Young people need individual help, not group help, at the time when it is right for them, whether at the age of 10, seven or 14, rather than help that will be appropriate for some but not for all. Preferably, that help will be provided to children by their parents, who can give the best advice. Of course, I recognise that sometimes parents are not involved, so a second course is necessary, but I want children and parents to work together first.

Does the Minister believe that the state has a duty to prevent a legal activity just because it may lead to pregnancy in the post-16 years? I suspect that the Government are not considering changing the age of consent, so would it not be better for any strategy to tackle what is illegal—having sex under the age of consent—rather than the different matter of teenage pregnancy? It is interesting to see that the rate of teenage pregnancy, which includes figures both above and below the age of consent, has dropped recently, although it is still high when compared with that of other countries. I hope that we will learn from the Minister how far pregnancy rates have dropped for the
29 Jan 2008 : Column 30WH
above-16s, and, more important, for those in the age group below. Finally, I shall be pleased to hear the Minister tell us what plans exist to tackle under-age sex, which is the all-important issue.

11.29 am

Laura Moffatt (Crawley) (Lab): I am delighted to have an opportunity to contribute to this excellent debate, initiated by my hon. Friend the Member for Rhondda (Chris Bryant). The interest shown in the debate, particularly from Labour Back Benchers, certainly demonstrates how seriously we take the issue.

In a former role, the Minister for the Olympics, my right hon. Friend the Member for Dulwich and West Norwood (Tessa Jowell), once said that the best contraceptive for a young girl in her teens was a good prediction for her GCSE and A-level results. That seems to be a trite statement until we start to understand—as we are beginning to do—the complex nature of teenage pregnancy and what it can lead to. It is a dereliction of our duty as Members of Parliament not to understand that a pregnancy in teenage years is not something that we would want children to embark upon when they have the right choices before them and the right setting to make decent choices for their lives.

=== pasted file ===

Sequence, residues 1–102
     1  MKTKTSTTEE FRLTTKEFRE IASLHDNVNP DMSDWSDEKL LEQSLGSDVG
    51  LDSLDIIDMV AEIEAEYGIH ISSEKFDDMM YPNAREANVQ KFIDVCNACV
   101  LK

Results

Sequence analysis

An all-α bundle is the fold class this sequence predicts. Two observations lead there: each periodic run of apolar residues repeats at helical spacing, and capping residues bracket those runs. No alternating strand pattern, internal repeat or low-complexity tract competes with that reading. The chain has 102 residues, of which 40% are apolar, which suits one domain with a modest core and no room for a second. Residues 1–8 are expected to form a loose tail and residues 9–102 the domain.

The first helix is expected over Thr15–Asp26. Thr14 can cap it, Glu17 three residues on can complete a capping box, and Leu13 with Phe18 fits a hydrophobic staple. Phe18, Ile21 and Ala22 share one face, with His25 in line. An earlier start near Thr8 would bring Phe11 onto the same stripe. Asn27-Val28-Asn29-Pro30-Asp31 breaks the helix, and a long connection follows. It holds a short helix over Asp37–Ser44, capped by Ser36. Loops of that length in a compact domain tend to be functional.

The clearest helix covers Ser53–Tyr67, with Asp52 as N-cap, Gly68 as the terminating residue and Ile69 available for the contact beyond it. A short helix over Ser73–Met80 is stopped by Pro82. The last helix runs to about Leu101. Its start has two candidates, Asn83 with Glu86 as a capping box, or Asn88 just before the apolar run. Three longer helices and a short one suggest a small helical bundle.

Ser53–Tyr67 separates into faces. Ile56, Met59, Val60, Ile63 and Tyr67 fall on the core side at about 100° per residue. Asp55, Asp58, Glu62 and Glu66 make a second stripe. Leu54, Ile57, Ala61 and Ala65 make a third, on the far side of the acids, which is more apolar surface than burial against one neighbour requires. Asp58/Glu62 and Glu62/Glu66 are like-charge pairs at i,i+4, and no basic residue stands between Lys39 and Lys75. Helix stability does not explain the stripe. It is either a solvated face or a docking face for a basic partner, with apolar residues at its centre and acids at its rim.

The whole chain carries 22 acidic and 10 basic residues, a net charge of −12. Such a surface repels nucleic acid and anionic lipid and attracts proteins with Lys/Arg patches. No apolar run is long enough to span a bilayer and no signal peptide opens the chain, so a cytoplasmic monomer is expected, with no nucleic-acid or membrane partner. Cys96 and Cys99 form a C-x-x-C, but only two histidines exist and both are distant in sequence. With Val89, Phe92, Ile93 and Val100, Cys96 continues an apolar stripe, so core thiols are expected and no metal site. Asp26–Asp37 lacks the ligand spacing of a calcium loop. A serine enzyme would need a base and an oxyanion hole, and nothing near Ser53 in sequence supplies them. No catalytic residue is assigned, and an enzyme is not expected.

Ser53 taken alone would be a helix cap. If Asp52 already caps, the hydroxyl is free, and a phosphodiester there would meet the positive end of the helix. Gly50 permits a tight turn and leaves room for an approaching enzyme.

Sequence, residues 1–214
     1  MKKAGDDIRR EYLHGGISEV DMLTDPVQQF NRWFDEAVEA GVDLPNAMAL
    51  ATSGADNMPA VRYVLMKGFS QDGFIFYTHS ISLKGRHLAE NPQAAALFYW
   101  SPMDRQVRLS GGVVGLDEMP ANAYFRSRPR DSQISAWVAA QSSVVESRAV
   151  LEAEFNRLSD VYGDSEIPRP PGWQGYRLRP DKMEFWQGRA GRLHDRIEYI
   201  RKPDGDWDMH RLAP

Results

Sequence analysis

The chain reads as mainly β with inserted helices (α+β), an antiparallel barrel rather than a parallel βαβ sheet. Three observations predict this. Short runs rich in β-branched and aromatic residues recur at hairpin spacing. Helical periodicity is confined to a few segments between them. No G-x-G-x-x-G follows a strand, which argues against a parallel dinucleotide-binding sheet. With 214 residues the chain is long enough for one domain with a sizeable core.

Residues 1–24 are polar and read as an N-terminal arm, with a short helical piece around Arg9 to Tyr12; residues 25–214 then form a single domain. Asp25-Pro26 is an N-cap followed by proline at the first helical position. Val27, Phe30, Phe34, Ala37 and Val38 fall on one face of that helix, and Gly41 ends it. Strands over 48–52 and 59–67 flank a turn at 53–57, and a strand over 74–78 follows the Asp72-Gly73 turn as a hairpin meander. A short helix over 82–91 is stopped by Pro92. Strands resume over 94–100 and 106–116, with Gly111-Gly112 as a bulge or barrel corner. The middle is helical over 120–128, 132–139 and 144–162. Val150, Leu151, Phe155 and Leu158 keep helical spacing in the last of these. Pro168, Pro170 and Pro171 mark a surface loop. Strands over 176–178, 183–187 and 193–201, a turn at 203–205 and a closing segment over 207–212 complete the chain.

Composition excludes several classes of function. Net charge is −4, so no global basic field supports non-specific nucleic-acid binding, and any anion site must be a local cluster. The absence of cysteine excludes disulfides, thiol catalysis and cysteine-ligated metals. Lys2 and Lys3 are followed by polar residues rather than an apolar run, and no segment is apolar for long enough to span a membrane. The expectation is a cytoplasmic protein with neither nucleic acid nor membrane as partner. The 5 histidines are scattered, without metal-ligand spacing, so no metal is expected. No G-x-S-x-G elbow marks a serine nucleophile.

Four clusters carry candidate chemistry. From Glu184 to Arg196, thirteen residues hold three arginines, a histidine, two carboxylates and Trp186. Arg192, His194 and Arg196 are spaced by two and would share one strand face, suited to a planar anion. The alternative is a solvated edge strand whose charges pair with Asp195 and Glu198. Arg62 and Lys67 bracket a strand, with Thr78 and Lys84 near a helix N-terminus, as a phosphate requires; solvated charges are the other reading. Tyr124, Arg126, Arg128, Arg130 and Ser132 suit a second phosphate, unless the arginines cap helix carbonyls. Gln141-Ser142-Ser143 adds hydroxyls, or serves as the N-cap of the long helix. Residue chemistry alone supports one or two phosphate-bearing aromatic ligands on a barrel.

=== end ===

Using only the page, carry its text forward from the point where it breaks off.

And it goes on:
Of course the reasons why such pregnancies occur are complex. My hon. Friend the Member for Rhondda told us clearly that there are myriad reasons why a young girl may decide to become pregnant. That does not mean that such a decision has been made in a setting that is either nurturing or provides a sense of aspiration for the future. I utterly understand and respect that situation, and we need to tackle those issues seriously.

Unwanted conception leads to many problems, such as poor baby health and poor maternal emotional health. We have heard how isolation can lead to enormous difficulties and, of course, a poor economic outcome makes it hard to move on and recover from having a baby at such an age. However, it is not impossible to move on and many of us could tell lots of stories about fantastic women who have thrived and survived and gone back to college and done an amazing job for their children. We should not write off those women, but we should think about why they may lack the confidence to say, “I do not want to have sex at this age and I will not do so because I want to do well at school and show everyone that I can earn a living and be independent.” That is the situation we want women to be in and that is what we want for the future: self-confident, happy young people who do not feel driven into having sex at an early age, whether before or after 16. If sex is unwanted or not welcome at that time and women feel under pressure, we seriously need to address that situation.

Some adolescents need help in understanding the risks they are taking. They also need to understand their bodies and the way they work. In medieval times, it was acceptable for women to become pregnant at 15 or 16—we all know that happened—because that is when a woman is at her most fertile. Risk taking is much greater at that age and if we do not equip women—and, of course, the other part of the deal, men—with understanding, pregnancy will occur.